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January 24, 2003
SEC Tells Mutual Funds To Disclose Their Proxy Votes
    by William Baue

The Securities and Exchange Commission voted in favor of rule changes that require mutual fund companies to disclose their proxy voting policies and their actual proxy votes.

Yesterday, the U.S. Securities and Exchange Commission (SEC) voted to adopt rule amendments and a new rule that require mutual fund companies to disclose their proxy voting policies, procedures, and actual proxy votes. The rule changes represent a major victory for the socially responsible investment (SRI) community. The SRI community helped initiate the rule change process, promoted the necessity of greater transparency, and demonstrated the practical viability of proxy vote disclosure. The SRI community's depth of experience concerning proxy-voting disclosure uniquely positions it to project the likely course of future development on this issue.

"For years now, Social Investment Forum members have called for disclosure of proxy votes and voting guidelines," said Social Investment Forum (SIF) President Tim Smith, who is also senior vice president and director of socially responsible investing at Walden Asset Management. "Forum members were the first firms in the nation to voluntarily make such disclosures. In fact, all of the U.S. mutual fund companies that currently disclose both their guidelines and voting decisions publicly are members of the Forum."

The history of this landmark decision is inextricably linked to the social investment community. In 1999, Domini Social Investments became the first mutual fund company to publicly disclose its proxy votes. In November 2001, Domini filed a rulemaking petition that helped instigate yesterday's decision (the AFL-CIO and the International Brotherhood of Teamsters also filed rulemaking petitions).

In September 2002, when the SEC opened a 60-day comment period on the proposed rule amendments that would require mutual funds to disclose their proxy votes, Domini submitted its own comment letter and lobbied for others to do the same. In conjunction with Working Assets, the telephone and credit card company, and Ralph Nader's corporate reform organization Citizen Works, Domini helped generate 2,500 letters to the SEC in support of the rule.

Fellow SIF member Pax World Funds helped generate more than 1,000 letters in support of the rule changes through its website launched last October. Pax World Funds has made its proxy voting record available since Pax's inception in 1971. In all, the SEC received almost 8,000 letters, a record number commenting on proposed rule changes. Over 7,000 of the letters supported the changes.

Four of the five SEC Commissioners voted in favor of the rule changes, which will take effect in July. The sole dissenting voice belonged to Commissioner Paul Atkins, who echoed the mutual fund industry's concern that the measure would impose an undue cost burden on fund companies.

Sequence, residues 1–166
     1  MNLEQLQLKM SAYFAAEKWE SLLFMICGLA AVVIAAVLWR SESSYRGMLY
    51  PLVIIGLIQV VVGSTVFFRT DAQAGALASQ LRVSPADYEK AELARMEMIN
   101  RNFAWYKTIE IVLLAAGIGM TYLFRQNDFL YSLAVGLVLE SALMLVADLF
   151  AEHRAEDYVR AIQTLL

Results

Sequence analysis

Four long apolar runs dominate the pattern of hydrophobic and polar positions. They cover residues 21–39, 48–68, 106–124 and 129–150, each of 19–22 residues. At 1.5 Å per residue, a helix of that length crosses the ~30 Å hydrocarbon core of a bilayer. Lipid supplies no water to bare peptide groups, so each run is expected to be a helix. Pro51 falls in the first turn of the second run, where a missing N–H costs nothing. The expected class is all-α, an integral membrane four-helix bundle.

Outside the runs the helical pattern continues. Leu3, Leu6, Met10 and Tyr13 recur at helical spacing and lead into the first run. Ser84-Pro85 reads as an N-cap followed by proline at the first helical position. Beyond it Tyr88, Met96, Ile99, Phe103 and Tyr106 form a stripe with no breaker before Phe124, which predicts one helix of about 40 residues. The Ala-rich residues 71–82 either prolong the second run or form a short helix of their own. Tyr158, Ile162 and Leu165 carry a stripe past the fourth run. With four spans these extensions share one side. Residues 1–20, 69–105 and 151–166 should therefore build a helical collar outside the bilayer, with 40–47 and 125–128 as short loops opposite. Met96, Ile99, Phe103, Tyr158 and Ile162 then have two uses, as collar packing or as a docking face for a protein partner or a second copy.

Mr. Smith points out that the SEC addressed this concern. "The rule did take into account the complaints of the industry that it would be expensive to prepare big written reports, and allows the funds to put their information online--even on the SEC's website is an adequate response to the rule," Mr. Smith told

Now that the rule changes have passed, Mr. Smith and others in the SRI community are considering the ramifications for investors, mutual fund companies, and corporations.

"I think investors are going to get smarter as they get more educated about the funds they hold," Citizens Funds Director of Social Research Diane Tod South told "Once the votes are disclosed, [investors] will start to ask more questions."

Mr. Smith extrapolated how this increased attention may affect mutual fund companies.

"The hope is that public disclosure will create a more conscientious voting process by major mutual funds, because their vote is part of the public record," said Mr. Smith. "We believe the rule will result in a number of resolutions getting more votes than they would have before this rule, because the resolutions are in the best interest of shareholders."

Domini's Director of Shareholder Advocacy and General Counsel Adam Kanzer agreed.

"These rules will make mutual fund companies more accountable to their investors," said Mr. Kanzer. "As a result, we believe they will be less likely to rubberstamp corporate management's proposals and more likely to take an independent view of what is in the best interest of shareholders."

Tim Smith believes investors may also see financial benefits from the rule changes.

"There is mounting evidence that attention to shareholder rights, including social and corporate governance issues, is linked to long-term corporate performance," said Mr. Smith. "When all mutual funds reveal how they use proxy votes, enabling shareholders to know what is being done in their name, we expect to see a contribution to long-term shareholder value."

Mr. Smith added that the social investment community's role in achieving disclosure of mutual fund proxy voting may drive investors to socially responsible investing.

"We hope that the leadership by social funds, many of whom have disclosed their proxy voting records for a number of years, will be an additional attraction to investors," said Mr. Smith.


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